I'm a bit surprised that there is no thread about this series. I've seen it mentioned here and there but I think it deserves at least a thread so I'm starting one.
Way back in 2005 or so, there was this commercial in Solar TV about this series called "The Wire". I've never paid much attention to it maybe because there was absolutely no flash in the way it was presented, no recognizable actor, no thrilling actions scenes or special effects. So I never gave it a chance. That is until I read an interview from one of my favorite comic writers of all time, Alan Moore. Here is an excerpt of his interview: "Do you ever relax and just watch television?
Selectively, mostly on DVD. The absolute pinnacle of anything I've seen recently has got to be The Wire
. It's the most stunning piece of television that has ever come out of America, possibly the most stunning piece of television full-stop. That's a great example of storytelling that takes its time.
Absolutely, that is grown-up television! It's novelistic. You get to find out about all these tiny different aspects of Baltimore, to build up a huge picture of the city with all of its intricacies — from the wharf side, to the kids in the projects, to the power structure with the boardrooms and police department and governor's office. And it's got some great writers: It's got George Pelecanos and David Simon. And so many wonderful characters, Bubbles, Omar. So yeah, everything else looks pretty lame next to The Wire
That certainly got my attention. It's been a while since I watched an American TV series and to be honest, I've sort of given up on them. A lot of the TV series out there are just not for me. I know a lot of people enjoy them and that's why they keep making them but to me, it has become formulaic and predictable.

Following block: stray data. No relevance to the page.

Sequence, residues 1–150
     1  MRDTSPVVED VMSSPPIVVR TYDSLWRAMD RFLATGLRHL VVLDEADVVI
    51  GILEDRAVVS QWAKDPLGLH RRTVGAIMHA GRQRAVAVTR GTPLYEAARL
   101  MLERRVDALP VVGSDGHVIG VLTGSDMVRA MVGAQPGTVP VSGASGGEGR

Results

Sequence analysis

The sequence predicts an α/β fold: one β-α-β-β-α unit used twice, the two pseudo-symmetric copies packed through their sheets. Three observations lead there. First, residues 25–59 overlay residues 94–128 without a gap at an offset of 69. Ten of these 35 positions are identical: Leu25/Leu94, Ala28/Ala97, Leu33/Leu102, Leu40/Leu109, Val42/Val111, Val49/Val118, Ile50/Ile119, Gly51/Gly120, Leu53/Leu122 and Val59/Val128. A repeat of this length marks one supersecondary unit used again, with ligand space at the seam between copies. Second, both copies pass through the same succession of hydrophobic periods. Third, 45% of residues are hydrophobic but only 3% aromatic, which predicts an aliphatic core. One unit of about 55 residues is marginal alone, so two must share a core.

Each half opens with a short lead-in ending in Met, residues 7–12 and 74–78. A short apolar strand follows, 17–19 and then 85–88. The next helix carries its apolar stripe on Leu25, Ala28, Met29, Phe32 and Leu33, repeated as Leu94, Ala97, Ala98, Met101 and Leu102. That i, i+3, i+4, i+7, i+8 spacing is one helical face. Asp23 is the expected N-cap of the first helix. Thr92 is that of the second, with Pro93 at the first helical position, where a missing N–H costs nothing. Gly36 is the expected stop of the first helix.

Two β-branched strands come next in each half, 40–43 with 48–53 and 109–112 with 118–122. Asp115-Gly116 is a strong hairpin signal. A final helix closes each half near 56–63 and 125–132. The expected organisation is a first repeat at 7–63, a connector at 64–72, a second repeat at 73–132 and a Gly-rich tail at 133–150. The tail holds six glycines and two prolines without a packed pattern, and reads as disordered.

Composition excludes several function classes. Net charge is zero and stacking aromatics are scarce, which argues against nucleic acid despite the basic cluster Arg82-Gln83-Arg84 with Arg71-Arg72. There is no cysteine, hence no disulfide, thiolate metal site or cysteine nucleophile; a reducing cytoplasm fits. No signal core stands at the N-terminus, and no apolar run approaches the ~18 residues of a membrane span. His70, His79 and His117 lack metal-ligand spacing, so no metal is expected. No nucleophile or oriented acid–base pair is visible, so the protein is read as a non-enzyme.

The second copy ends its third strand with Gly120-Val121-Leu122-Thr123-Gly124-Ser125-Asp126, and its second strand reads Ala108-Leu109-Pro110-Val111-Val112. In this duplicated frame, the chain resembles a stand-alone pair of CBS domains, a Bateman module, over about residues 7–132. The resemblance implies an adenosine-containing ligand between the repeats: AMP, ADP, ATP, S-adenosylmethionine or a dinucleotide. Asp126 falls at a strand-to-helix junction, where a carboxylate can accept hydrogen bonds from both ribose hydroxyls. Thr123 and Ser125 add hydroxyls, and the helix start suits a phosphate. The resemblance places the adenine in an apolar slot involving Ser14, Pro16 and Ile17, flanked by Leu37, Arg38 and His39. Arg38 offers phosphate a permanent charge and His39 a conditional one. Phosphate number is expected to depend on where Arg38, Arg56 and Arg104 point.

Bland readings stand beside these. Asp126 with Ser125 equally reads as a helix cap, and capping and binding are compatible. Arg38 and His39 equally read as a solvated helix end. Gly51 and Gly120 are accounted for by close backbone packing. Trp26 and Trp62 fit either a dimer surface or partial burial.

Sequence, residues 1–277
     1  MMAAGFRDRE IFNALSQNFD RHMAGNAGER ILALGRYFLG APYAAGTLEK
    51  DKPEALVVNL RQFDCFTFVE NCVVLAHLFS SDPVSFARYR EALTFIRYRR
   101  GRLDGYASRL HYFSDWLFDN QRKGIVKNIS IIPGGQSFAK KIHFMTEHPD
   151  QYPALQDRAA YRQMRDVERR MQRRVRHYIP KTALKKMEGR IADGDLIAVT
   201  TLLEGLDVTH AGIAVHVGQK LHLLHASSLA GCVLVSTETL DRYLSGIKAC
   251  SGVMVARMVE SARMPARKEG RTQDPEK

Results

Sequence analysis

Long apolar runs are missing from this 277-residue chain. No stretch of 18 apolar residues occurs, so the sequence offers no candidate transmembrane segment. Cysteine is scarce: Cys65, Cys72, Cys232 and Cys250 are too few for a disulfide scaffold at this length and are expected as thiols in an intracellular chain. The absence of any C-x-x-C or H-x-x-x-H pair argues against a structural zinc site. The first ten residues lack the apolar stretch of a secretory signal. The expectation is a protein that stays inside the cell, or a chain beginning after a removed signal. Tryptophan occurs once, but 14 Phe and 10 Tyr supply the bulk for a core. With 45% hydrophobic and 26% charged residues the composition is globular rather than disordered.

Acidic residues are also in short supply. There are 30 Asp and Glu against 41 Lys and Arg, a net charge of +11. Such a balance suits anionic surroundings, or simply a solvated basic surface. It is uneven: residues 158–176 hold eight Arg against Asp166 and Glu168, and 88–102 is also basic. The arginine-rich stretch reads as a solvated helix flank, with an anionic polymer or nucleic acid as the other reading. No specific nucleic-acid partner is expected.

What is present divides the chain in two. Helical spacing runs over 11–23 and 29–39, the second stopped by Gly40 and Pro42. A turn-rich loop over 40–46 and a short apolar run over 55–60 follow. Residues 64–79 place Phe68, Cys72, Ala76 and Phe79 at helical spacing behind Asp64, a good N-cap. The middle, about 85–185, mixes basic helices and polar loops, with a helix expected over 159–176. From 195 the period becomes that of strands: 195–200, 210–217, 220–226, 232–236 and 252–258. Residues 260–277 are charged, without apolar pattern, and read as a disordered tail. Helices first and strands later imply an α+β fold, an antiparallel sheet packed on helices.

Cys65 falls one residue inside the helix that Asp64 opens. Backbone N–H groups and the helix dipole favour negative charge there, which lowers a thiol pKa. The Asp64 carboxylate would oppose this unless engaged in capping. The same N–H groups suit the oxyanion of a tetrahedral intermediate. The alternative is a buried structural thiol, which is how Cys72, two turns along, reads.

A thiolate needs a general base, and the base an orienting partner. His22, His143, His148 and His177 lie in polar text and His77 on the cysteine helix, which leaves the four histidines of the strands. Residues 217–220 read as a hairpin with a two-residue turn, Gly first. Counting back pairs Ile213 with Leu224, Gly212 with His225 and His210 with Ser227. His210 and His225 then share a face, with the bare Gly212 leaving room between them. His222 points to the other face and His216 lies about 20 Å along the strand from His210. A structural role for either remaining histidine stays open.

Here is a snippet from its wiki page that summarizes what it is about
"The Wire is an American television drama series set and produced in Baltimore, Maryland. Created, produced, and primarily written by author and former police reporter David Simon, the series was broadcast by the premium cable network HBO in the United States. The Wire premiered on June 2, 2002 and ended on March 9, 2008, with 60 episodes airing over the course of its five seasons.
Each season of The Wire focuses on a different facet of the city of Baltimore. They are, in order: the drug trade, the port, the city bureaucracy, the school system, and the print news media. The large cast consists mainly of character actors who are little known for their other roles. Simon has said that despite its presentation as a crime drama, the show is "really about the American city, and about how we live together.
It's about how institutions have an effect on individuals, and howâ€¦whether you're a cop, a longshoreman, a drug dealer, a politician, a judge [or] lawyer, you are ultimately compromised and must contend with whatever institution you've committed to."
Initially, I thought that it would be too much to wrap my head around but the writing is tight and barely any scene is wasted. I had a bit of trouble understanding the slang talk but I got around it after a few episodes (the writers said they did not want to "dumb down" the dialogue). Also, the characters are great. Each one is flawed in his/her own way but they all fit in the "ecosystem" that is Baltimore.
Currently, I just finished the 2nd season and I can't wait to start the 3rd season.
I'd recommend this series to the following people:
1) Anyone waiting out the 2nd season of Game of Thrones (which is incidentally also produced by HBO). It's set in the real world but the plot twists and unpredictability will make you feel at home.
2) Anyone interested in politics since a lot of what happens in this series mirrors the events in our own backyard.
3) Anyone looking for great storytelling above everything else since it honestly lacks in the big name actor and special effect department.
Give it a try. It starts out slow and I actually had months in between watching the 1st and 2nd episode! But once it got rolling, I finished an entire season in a day or two.